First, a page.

Friday, June 10, 2011

Sharkwater Saipan


Check out what Kathy Pagapular's 6th grade class at San Vicente Elementary School were able to accomplish with the help of Sharkwater's Rob Stewart and some other very dedicated adults. I hope this inspiring video goes viral, and I'd appreciate anything you can do to put it in the blogosphere, Twittersphere, or Facebooksphere.

Monday, May 16, 2011

Protect the Oceanic Whitetip Shark on World Ocean's Day

oceanic whitetip shark
The IUCN Red List Threatened Species assesses the Oceanic Whitetip Shark as Critically Endangered in the Western and Central Atlantic. Globally they are assessed as Vulnerable and are threatened with extinction if strong measures are not put into place to protect their remaining populations.

To raise awareness of the plight of this charismatic species, please change your Facebook profile picture to the attached graphic until World Ocean's Day on June 8, 2011.  A high resolution of the photo can also be found on Flickr.

Monday, January 24, 2011

Rob Stewart Cleans Up Saipan

Photo: Aya Matsumoto
'Sharkwater' director, volunteers conduct Sunday beach cleanup
Saipan Tribune

Rob Stewart, the acclaimed director of the documentary Sharkwater, joined some 30 volunteers during the beach cleanup behind Aquarius Beach Towers in Chalan Kanoa yesterday morning.

The volunteers collected a truckload or about 120 lbs of trash from the beach down by the Sugar Dock and all the way to the Aquarius beach.

Beautify CNMI!: Cinta Kaipat, Rob Stewart, Shawn Heinrichs, and Aya Matsumoto
Having participated in a recent beach cleanup in Hong Kong, Stewart noted the importance of doing beach cleanups regularly.

“It shows a great sense of care and investment in your land,” Stewart told Saipan Tribune.

Wednesday, August 11, 2010

Contribute to Carnival of the Blue XL: Top of the Food Chain

carnival of the blue 40Next month the Saipan Blog will be the host of Carnival of the Blue 40, or as I prefer to call it, Carnival of the Blue XL. COTB XL promises to be the biggest, baddest COTB EVER. Why? Well, not only is COTB turning 40, but the theme of next month's carnival is going to be Top of the Food Chain.

COTB XL is going to be all about predators, baby.

Please use this online article submission form to submit your contribution to COTB XL. Please try to make your post about predation (¿cómo se dice de tiburón en Inglés?), but if the predation bug doesn't hit you this month, COTB XL will still publish your ocean blog. If you have any questions you can email me at angelovillagomez at gmail dot com.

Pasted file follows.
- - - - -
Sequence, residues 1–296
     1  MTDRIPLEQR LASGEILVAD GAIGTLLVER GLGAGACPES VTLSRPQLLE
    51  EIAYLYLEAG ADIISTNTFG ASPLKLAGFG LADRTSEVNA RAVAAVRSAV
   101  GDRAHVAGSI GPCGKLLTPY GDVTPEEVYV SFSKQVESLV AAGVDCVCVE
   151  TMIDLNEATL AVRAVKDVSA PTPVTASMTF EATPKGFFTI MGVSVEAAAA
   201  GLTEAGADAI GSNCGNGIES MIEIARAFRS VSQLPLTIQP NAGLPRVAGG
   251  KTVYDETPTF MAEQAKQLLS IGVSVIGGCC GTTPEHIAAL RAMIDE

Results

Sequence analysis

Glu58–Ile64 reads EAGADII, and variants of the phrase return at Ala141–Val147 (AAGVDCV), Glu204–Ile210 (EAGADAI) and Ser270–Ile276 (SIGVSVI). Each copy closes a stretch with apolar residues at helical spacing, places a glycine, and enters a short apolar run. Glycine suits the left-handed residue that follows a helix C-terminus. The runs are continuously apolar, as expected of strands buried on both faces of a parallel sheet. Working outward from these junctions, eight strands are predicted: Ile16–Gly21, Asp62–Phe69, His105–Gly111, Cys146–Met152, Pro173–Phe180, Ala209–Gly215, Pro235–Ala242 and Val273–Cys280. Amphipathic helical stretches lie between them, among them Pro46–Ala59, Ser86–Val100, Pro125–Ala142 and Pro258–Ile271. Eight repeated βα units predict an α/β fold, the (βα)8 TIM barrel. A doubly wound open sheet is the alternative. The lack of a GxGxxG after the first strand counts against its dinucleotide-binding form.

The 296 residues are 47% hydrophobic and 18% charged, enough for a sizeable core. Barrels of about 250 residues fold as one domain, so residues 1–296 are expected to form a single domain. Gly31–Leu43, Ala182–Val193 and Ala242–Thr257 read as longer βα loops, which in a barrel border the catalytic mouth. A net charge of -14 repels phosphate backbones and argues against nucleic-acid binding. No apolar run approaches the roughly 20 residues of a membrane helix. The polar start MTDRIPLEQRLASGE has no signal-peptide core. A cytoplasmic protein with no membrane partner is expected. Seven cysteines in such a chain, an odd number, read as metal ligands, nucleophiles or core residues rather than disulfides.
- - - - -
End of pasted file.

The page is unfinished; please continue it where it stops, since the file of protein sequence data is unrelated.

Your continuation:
By the way, this will be the fourth consecutive September the Saipan Blog has hosted Carnival of the Blue. The Saipan Blog has previously hosted Carnival of the Blue IV, Carnival of the Blue XVI and Carnival of the Blue XXVIII.

*A big thanks to underwater photographer and dive instructor Harry Blalock for letting me use his photo. If you ever find yourself on Saipan in need of a dive guide: http://www.axemurderertours.com/

Thursday, June 24, 2010

Mariana Trench in Outside Magazine

According to Outside Magazine, I am an "up-and-comer with a strong marketing instinct." Those eight words will be in every job application and every cover letter I write for the next 20 years. Thank you, Outside Magazine!

On Saturday I received my July 2010 issue of Outside Magazine. This is an issue I have been waiting for for almost a year. This is the issue that contains the story on last year's expedition to the Mariana Trench Marine National Monument.

Patrick Symmes, Outside Magazine contributing editor and the writer of this article, did a fantastic job. I thought the story was going to focus mostly on the trip we took to the monument, but he took it to the next level and interviewed Sylvia Earle and officials from the US Fish & Wildlife Service. What could have simply been a story about going to a far off place turned into a great retelling of some of the best conservation that has taken place during the last decade.

The story starts before the creation of the monument in the Northwestern Hawaiian Islands and carries us through the creation of Papahanaumokuakea and the creation of Mariana Trench Marine National Monument.

I have to say, it literally hurts when the story of the monument campaign, something that took so much effort and caused so much stress, is cut down to a few paragraphs, or as in the case of MSNBC, a single sentence. One day I'll be able to let go of that; perhaps after my book is published.

The Outside Magazine website says that the magazine will be available on newsstands June 29, but I was able to find it online. I'd love to hear your reactions to the story, so please feel free to leave comments.

Thursday, March 11, 2010

Earth Hour

On March 27th at 8:30pm the Division of Environmental quality is encouraging CNMI residents and businesses to turn their lights off for one hour in support of the World Wildlife Fund (WWF) sponsored Earth Hour event that seeks to raise awareness and promote global action on climate change.